The ship heeled until the deck slanted like a shallow roof, and she blinked, feeling him gone once more. Water purled and chuckled in twin curves, throwing rooster-tails of spray as the bowsprit dipped and rose, the sharp prow digging rhythmically into the blue swell and leaving a taste of salt on her lips as the cool droplets struck, like the taste of tears. It was only a few hours past the early summer dawn, and the light on the water was bright as they turned towards the rising sun, shining over and through the fogbanks ahead. Strands of her long yellow hair wavered across her face, blown forward by the steady breeze from the northeast and following the white curve of the sails like golden serpents.

From the quarterdeck the captain spoke crisply:

"Mr. Mate, stand by to strike sail, topsails only, on the fore, on the main."

"Aye aye, Cap'n."

"Then make it so, Mr. Mate."

The first mate's voice boomed out through a speaking-trumpet in a volley of musically accented nauticalese ending with:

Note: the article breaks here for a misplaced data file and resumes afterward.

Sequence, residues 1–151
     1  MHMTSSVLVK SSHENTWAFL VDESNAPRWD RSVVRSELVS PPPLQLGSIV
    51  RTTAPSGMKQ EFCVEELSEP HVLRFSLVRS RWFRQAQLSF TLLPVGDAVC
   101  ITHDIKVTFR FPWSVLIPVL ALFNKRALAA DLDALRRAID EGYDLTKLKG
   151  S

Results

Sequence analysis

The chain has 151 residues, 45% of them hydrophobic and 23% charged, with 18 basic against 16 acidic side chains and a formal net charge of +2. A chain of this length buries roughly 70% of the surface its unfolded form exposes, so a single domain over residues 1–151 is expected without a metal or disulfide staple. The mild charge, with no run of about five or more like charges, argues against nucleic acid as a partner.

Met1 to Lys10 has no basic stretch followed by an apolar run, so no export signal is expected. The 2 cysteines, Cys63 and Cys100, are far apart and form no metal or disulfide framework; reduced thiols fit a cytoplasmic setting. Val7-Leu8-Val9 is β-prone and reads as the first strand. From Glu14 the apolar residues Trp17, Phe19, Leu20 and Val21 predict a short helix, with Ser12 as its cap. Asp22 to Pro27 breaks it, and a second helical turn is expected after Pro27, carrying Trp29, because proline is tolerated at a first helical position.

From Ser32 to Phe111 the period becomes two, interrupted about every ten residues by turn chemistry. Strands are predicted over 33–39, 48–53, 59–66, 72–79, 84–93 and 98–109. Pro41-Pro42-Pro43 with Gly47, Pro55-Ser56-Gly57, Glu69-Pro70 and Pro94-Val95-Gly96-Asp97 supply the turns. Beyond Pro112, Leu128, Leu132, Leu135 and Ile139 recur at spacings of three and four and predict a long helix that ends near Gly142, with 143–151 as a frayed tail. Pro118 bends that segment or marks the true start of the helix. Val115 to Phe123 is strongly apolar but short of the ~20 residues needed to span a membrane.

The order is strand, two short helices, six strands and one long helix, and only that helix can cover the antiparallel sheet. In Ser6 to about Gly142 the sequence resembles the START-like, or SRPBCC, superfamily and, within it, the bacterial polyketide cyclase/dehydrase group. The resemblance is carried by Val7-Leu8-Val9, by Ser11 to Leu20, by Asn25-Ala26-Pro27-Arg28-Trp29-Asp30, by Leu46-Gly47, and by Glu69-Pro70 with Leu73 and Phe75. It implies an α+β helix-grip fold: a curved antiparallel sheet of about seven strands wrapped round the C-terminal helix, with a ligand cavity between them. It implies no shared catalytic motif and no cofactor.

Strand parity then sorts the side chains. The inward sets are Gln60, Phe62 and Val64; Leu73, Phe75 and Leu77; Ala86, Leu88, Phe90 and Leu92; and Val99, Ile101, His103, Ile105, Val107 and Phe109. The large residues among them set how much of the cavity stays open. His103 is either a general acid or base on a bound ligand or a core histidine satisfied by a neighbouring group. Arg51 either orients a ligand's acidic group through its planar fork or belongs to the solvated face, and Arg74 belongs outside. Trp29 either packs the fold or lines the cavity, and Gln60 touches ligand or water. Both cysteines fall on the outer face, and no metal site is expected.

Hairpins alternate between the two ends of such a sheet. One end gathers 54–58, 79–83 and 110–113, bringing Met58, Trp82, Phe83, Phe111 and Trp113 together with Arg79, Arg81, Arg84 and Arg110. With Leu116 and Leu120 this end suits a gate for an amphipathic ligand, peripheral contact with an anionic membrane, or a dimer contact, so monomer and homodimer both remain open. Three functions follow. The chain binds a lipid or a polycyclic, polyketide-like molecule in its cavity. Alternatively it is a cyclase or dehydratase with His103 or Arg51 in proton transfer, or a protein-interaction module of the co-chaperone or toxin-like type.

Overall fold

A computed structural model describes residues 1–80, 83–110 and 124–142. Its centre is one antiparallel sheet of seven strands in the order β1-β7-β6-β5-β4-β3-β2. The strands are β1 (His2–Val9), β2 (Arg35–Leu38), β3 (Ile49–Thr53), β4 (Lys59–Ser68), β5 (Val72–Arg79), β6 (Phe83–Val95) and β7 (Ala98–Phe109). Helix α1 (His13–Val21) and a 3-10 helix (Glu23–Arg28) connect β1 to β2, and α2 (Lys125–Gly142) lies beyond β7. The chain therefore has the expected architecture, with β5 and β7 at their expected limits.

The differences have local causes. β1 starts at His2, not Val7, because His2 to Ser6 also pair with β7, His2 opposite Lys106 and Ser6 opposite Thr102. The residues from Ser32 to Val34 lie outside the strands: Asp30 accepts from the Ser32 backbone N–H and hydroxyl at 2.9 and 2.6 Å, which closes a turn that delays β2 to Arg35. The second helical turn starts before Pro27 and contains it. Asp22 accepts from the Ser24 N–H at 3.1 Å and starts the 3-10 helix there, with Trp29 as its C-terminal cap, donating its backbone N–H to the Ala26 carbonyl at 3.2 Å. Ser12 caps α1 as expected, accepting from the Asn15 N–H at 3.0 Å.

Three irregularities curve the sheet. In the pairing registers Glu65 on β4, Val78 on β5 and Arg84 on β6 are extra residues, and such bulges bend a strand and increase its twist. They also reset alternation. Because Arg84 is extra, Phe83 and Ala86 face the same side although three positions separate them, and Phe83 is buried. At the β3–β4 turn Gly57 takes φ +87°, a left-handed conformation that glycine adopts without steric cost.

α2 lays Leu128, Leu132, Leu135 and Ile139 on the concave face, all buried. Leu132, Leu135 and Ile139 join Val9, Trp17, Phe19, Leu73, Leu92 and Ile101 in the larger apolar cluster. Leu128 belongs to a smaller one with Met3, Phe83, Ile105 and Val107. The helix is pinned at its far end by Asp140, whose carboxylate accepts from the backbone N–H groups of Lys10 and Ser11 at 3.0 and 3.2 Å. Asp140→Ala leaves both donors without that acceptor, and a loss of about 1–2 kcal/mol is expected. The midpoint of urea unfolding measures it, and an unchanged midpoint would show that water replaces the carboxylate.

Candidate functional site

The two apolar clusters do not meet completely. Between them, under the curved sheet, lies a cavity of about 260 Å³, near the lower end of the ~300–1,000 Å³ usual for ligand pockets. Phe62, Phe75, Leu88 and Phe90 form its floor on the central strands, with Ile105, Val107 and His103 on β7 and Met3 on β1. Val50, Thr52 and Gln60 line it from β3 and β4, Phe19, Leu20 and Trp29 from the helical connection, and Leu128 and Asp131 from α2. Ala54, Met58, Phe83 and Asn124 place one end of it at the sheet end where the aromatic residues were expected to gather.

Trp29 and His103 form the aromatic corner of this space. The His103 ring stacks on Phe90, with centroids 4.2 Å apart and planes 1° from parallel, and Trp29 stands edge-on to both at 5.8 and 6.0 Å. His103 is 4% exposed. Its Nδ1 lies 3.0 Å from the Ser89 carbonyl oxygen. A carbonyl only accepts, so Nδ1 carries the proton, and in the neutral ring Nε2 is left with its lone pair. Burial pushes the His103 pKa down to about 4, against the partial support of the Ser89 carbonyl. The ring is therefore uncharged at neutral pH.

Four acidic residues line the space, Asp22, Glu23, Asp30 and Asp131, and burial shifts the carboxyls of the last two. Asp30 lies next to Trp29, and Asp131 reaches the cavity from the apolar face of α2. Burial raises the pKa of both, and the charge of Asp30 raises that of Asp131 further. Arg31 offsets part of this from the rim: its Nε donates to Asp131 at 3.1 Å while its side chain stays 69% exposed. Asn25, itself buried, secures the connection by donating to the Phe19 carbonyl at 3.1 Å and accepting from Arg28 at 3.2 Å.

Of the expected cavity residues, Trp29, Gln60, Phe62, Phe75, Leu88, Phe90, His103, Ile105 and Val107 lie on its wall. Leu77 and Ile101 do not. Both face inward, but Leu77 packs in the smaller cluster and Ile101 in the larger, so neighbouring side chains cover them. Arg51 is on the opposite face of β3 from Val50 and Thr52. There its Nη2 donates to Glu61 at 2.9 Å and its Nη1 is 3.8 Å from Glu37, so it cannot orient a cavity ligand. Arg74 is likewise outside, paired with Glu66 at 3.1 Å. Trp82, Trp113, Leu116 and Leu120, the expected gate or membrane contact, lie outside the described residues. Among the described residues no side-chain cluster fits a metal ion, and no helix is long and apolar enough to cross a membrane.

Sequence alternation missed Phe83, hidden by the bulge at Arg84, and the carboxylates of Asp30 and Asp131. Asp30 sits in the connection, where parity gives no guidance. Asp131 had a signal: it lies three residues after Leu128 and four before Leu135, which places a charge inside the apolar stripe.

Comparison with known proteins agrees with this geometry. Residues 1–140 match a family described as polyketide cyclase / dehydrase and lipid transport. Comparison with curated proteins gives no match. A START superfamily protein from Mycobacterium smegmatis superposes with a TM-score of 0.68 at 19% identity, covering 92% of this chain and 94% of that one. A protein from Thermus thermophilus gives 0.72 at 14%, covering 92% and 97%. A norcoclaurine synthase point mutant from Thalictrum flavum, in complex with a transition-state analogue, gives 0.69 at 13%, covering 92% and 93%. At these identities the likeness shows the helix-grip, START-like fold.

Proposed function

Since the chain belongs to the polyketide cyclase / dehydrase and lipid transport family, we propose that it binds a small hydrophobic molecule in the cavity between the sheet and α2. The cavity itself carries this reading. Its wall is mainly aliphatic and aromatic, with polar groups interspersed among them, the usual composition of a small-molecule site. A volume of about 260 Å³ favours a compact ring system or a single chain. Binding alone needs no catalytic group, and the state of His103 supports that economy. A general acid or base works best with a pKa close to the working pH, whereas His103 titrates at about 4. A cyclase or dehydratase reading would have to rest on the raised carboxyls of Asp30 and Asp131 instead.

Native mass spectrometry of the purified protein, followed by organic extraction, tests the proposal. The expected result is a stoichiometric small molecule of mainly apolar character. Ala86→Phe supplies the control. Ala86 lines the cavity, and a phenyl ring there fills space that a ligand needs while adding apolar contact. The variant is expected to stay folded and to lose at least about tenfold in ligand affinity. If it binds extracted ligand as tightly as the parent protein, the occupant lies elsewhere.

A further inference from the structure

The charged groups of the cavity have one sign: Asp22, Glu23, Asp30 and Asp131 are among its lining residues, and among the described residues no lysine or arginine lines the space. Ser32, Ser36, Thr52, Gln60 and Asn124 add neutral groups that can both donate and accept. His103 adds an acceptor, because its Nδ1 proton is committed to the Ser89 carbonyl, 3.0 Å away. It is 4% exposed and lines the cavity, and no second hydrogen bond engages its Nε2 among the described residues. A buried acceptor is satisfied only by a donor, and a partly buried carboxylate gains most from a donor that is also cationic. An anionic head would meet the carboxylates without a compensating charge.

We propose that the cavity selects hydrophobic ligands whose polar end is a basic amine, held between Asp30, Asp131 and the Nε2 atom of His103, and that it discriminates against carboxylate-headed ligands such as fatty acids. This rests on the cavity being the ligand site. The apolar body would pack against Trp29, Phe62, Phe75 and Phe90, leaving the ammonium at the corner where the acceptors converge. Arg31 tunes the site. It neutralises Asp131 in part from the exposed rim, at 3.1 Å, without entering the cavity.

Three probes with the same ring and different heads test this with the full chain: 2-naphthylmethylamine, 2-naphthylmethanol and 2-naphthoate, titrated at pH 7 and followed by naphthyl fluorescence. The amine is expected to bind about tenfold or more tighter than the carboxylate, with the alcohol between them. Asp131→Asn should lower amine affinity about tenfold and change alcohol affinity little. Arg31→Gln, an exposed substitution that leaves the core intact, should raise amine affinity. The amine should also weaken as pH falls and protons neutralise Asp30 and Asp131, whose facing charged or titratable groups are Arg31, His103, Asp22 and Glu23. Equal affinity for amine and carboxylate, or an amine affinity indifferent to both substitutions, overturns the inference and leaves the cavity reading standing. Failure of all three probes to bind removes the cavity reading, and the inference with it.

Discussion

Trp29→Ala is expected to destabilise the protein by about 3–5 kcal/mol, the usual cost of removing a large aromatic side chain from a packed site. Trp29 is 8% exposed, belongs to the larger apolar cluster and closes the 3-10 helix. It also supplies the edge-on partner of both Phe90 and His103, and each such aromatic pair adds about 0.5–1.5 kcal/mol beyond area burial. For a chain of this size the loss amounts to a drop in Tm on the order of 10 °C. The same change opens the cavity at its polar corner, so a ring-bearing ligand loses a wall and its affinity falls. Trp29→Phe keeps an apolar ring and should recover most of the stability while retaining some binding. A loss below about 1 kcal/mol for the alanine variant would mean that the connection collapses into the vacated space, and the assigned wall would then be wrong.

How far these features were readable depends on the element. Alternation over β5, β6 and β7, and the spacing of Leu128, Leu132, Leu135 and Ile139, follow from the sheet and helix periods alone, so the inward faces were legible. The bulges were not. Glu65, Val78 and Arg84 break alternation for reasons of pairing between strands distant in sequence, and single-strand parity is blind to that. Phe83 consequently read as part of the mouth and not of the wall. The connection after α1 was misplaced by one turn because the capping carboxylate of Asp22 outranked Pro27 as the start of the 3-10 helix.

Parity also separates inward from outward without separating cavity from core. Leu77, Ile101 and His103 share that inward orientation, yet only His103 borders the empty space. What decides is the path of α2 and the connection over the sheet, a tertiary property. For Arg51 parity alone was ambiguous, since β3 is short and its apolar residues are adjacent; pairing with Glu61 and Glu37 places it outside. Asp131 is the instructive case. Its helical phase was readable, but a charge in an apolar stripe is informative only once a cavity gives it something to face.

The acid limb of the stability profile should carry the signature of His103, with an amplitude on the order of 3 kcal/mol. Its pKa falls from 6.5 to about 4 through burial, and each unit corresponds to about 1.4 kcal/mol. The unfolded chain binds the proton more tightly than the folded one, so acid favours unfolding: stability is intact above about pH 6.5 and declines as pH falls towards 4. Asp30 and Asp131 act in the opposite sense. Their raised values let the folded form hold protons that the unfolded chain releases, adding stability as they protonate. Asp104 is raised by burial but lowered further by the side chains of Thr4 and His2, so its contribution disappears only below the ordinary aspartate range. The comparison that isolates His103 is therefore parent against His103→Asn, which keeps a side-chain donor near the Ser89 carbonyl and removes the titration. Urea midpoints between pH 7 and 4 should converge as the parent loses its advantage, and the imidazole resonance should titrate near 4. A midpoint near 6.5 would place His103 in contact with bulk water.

"Lay aloft and furl!"

The ratlines thrummed as sailors ran up them to the spars of the square topsails on the fore and main and out along the manropes, fisting the canvas up and tying it off with the gaskets sewn into the sails as the deck crew hauled on the buntlines to help them. For the work ahead, precision was more important than speed. The shanty rang out as the teams on the ropes gripped and bent and threw their weight back in rhythmic unison:

"O wake her, O shake her,
O shake that girl
With-her-blue-pants-on!
O Johnny come to Hilo;
Poor-old-man!"

The slant of the deck eased slightly as pressure came off the top of the masts, and the wind seemed to pick up as the ship slowed. That cool moving air smelled only of a third of a planet of clean ocean behind them, crisp enough even in high summer and even this far south to make the padded arming doublet of fleece-stuffed canvas she wore under the back-and-breast welcome, but somehow she thought she could detect the brackish scent of the Bay ahead and the huge tidal flats and wetlands about it. Off to the south the ruined towers of lost San Francisco reared on their hills, rust-red and stained-concrete brown above the mass of honeysuckle and scrub and renascent forest between and around them, or the stark white where the sand-dunes had emerged once more from under the works and plantings of human-kind.